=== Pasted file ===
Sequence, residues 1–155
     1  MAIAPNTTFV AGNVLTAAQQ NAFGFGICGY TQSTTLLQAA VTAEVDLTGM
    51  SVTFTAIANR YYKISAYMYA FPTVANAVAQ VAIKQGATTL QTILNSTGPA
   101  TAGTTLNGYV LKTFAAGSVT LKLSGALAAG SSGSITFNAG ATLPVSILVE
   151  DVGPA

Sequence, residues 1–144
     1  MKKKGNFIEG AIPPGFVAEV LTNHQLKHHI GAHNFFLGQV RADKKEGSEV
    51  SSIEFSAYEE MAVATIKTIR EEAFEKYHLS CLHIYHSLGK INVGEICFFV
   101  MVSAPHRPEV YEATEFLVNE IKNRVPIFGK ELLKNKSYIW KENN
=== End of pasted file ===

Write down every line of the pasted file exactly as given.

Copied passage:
Sequence, residues 1–155
     1  MAIAPNTTFV AGNVLTAAQQ NAFGFGICGY TQSTTLLQAA VTAEVDLTGM
    51  SVTFTAIANR YYKISAYMYA FPTVANAVAQ VAIKQGATTL QTILNSTGPA
   101  TAGTTLNGYV LKTFAAGSVT LKLSGALAAG SSGSITFNAG ATLPVSILVE
   151  DVGPA

Sequence, residues 1–144
     1  MKKKGNFIEG AIPPGFVAEV LTNHQLKHHI GAHNFFLGQV RADKKEGSEV
    51  SSIEFSAYEE MAVATIKTIR EEAFEKYHLS CLHIYHSLGK INVGEICFFV
   101  MVSAPHRPEV YEATEFLVNE IKNRVPIFGK ELLKNKSYIW KENN